Swedish TV Apologizes for 'Wrong' Report on Ukrainians Weeping With Joy Over Russian Passports
05:23 GMT 04.08.2022 (Updated: 05:24 GMT 04.08.2022)
A story in which the residents of the city of Kherson were shown with tears of joy over becoming Russian citizens sparked dozens of complaints from angry viewers, who thought that the reporting “reeked of Russian propaganda”, based on how different it was from the typical Western coverage of the conflict.
SVT, the Swedish national broadcaster, has apologized for a report on the Ukraine conflict following numerous complaints from viewers, who perceived the coverage as heavily tilted in favor of Russia.
In the July 28 edition of the Rapport program, the residents of Kherson were shown weeping with joy over receiving Russian passports and becoming Russian citizens and swore allegiance to the Russian Federation to the sound of its anthem.
In subsequent days, the Swedish Radio and Television Supervisory Board has received about 50 complaints over SVT for reporting that “reeks Russian propaganda”.
“The report claimed that Ukrainians are happy to become citizens of Russia. It turns out that Swedish television amid hostilities distributes Russian propaganda, and this is hardly a paragon of journalistic ethics”, one of the complaints said, as quoted by the outlet Dagens Media.
A similar view was expressed by Jakob Sidenwall, a columnist at the newspaper Smålands Posten, who also accused SVT of sharing “Russian propaganda”. Among others, he complained that it hadn't been mentioned who had gained access to the “occupied” city (which has been under Russian control for months) and how, and accused the journalists of generally sharing the “Russian” viewpoint, as in the same report Russian rocket attacks on Kiev were called a “response” to Ukraine's attempts to shell bridges in order to isolate Russian-controlled areas and prevent them from receiving reinforcements.
The broadcaster responded to the criticism with a statement from the show's managing editor Judit Ek and program director Charlotta Friborg, who explained that the footage was obtained by Reuters news agency and admitted that the viewers should have been given a better explanation. They also stressed that Reuters correspondents admittedly worked freely and without control from the Russian military.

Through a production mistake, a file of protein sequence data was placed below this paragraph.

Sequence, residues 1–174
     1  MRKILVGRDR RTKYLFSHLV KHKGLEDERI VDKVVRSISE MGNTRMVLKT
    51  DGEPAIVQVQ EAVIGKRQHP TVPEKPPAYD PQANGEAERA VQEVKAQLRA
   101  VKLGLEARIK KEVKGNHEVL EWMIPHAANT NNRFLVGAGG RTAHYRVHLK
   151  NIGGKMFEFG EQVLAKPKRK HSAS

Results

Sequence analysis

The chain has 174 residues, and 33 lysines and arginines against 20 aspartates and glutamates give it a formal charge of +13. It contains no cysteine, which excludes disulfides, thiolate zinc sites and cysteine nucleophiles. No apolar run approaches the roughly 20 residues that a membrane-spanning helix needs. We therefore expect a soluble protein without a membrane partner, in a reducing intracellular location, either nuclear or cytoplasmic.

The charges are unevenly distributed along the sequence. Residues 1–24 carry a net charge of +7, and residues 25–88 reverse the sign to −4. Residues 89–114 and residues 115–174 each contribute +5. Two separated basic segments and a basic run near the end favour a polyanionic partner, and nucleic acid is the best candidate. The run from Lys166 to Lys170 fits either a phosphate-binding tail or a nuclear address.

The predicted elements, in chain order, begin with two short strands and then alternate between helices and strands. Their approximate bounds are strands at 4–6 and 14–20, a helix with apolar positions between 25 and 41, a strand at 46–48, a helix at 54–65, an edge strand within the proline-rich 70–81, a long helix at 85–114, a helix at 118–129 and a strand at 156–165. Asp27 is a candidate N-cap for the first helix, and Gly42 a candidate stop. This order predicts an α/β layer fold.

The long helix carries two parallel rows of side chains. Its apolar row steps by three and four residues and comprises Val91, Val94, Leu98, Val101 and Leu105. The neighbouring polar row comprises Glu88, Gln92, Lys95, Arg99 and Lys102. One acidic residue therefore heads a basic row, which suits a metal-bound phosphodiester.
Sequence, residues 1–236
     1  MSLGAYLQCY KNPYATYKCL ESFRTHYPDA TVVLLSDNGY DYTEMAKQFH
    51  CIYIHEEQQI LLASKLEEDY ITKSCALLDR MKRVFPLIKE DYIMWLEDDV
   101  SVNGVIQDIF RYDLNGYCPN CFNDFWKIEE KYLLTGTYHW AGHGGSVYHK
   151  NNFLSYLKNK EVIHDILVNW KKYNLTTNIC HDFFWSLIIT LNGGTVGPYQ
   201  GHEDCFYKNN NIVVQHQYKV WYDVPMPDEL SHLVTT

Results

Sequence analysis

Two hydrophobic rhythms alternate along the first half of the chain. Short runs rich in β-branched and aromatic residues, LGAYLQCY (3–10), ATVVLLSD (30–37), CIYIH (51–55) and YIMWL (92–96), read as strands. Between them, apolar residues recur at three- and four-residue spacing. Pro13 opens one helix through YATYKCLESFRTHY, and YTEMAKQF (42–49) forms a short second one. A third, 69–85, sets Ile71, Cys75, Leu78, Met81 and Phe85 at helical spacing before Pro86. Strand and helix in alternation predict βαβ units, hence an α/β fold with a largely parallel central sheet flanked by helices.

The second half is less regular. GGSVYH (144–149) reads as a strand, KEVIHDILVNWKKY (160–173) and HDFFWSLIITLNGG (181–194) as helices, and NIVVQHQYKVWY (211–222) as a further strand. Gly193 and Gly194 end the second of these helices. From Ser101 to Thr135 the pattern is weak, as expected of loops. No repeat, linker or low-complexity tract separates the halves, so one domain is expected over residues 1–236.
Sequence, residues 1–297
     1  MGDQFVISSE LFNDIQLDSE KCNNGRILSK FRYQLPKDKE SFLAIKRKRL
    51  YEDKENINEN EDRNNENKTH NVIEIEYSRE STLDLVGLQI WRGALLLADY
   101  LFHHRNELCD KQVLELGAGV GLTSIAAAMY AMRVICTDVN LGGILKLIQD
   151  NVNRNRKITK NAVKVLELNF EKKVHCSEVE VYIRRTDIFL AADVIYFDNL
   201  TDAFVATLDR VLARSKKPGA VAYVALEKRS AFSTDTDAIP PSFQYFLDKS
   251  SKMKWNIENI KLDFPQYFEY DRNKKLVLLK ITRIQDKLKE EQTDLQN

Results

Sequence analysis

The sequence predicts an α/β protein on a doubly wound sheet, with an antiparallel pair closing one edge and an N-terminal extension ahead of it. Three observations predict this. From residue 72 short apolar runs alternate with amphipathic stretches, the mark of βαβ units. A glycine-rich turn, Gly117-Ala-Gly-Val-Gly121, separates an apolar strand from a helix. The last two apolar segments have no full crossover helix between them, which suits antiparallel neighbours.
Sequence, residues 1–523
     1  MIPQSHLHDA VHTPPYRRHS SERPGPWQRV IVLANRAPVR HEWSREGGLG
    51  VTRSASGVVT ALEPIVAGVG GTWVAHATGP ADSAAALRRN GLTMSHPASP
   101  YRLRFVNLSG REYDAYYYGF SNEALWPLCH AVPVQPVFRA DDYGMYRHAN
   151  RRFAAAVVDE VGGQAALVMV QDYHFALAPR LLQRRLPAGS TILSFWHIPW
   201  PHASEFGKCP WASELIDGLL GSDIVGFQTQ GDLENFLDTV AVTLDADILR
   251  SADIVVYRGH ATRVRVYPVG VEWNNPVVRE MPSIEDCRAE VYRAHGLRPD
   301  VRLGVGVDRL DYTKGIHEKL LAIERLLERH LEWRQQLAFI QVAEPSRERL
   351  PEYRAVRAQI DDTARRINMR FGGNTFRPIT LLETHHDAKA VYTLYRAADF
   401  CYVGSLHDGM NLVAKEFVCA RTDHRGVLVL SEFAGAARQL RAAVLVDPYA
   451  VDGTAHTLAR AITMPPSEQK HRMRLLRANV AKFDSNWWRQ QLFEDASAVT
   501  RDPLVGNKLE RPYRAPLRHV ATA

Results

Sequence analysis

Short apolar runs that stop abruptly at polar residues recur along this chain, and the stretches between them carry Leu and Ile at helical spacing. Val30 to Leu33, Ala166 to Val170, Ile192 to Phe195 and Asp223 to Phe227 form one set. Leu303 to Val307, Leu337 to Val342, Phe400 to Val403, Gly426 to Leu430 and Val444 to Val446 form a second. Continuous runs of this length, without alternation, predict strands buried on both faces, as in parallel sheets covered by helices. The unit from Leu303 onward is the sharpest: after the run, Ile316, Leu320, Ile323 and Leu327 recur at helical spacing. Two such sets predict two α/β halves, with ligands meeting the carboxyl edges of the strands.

Most of Kherson Oblast has been under Russian control since the early stages of Russian's military operation to demilitarize and de-Nazify Ukraine. In May, the Kherson military-civilian administration announced its intention for the region to re-join Russia. Plans to hold a referendum have been announced.
In recent months, the broadcasting of Russian TV channels and radio stations has been launched, and trade ties with neighboring Crimea are being restored in Kherson. Crimea rejoined Russia in 2014, after a referendum determined that over 96 percent of the peninsula's voters were in favor of reunification.
The approach of Swedish mainstream media to the Ukrainian conflict is very similar to that of the West in general. Russia's operation, which was launched after the Donbass People's Republics requested help from Russia amid intensifying attacks by Ukrainian troops, is viewed as an “invasion” and “occupation”; no mention is ever made of the Ukrainian atrocities inflicted upon the people of Donbass since 2014. The tone of the coverage tends to be overwhelmingly pro-Ukrainian, to the point where its losses of territory are presented as tactical ploys to lure the “enemy”.